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Report faults detention of mentally ill youths

WASHINGTON -- Thousands of mentally ill youths are unnecessarily put in juvenile detention centers to await mental health treatment, a House committee reported yesterday.

The report, compiled by the Democratic staff of the House Government Reform Committee, found that centers usually are not equipped to treat mental illness, and in some cases the youths have not been charged with a crime.

''The use of juvenile detention facilities to house youth waiting for community mental health services is widespread and a serious national problem," said the report, which found that two-thirds of juvenile detention facilities hold youths who are waiting for mental health treatment.

The report, which its authors said was the first of its kind, was prepared at the request of Representative Henry Waxman of California, the House Government Reform Committee's top Democrat, and Senator Susan Collins, a Maine Republican who is chairwoman of the Senate Governmental Affairs Committee.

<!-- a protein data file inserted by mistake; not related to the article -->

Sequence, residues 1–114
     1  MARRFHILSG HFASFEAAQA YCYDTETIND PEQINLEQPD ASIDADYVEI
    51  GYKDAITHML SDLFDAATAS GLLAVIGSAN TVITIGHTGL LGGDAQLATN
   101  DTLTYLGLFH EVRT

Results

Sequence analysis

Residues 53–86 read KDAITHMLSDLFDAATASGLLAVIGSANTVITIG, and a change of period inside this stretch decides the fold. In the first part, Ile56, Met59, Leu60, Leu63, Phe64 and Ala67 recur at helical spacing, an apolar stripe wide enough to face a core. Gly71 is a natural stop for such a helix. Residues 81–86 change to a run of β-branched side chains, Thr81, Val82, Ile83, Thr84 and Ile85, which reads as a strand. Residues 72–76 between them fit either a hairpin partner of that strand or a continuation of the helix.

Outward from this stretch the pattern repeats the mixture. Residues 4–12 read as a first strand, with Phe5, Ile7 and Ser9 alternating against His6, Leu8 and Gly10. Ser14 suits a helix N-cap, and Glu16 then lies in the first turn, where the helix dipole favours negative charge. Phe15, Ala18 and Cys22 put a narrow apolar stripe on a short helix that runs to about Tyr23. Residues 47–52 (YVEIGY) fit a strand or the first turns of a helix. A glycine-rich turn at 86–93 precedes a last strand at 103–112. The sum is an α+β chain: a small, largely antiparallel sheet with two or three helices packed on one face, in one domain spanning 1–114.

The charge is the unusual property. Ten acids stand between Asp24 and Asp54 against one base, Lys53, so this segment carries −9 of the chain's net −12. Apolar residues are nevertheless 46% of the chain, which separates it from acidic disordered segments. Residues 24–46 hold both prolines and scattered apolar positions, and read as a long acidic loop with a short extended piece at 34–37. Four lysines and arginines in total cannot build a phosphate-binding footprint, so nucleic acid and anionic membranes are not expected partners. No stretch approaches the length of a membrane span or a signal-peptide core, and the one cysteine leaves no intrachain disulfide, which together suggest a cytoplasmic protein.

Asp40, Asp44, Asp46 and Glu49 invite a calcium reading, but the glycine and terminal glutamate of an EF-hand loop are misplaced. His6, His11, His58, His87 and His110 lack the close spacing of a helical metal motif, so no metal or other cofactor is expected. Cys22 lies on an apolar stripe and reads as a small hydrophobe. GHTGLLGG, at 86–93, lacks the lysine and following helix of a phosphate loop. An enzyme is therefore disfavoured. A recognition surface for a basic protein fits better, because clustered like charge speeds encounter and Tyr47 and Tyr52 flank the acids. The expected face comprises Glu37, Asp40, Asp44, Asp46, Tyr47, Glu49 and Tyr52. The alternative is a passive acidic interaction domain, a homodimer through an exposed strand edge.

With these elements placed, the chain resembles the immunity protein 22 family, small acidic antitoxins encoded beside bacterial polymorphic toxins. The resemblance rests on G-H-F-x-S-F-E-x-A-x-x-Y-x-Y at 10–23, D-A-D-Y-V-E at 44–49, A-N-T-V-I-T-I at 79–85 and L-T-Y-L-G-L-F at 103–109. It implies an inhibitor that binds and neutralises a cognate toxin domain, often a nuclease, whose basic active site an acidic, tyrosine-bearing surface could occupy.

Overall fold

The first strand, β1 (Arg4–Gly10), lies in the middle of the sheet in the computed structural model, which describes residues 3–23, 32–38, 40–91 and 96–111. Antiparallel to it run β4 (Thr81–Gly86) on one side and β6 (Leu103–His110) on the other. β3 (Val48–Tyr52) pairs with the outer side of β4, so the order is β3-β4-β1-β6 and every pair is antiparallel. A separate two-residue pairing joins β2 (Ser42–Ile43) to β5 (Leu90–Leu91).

''Thousands of youth who are in need of community mental health services are stuck in jail until these services become available," Waxman said in a statement.

The report identified 698 juvenile detention facilities, defined as correctional facilities holding people age 21 and younger who are awaiting charges or trial or who were recently tried. Seventy-five percent of the facilities, or 524, responded to the survey, including facilities from every state but New Hampshire. The survey covered six months, from Jan. 1 to June 30, 2003.

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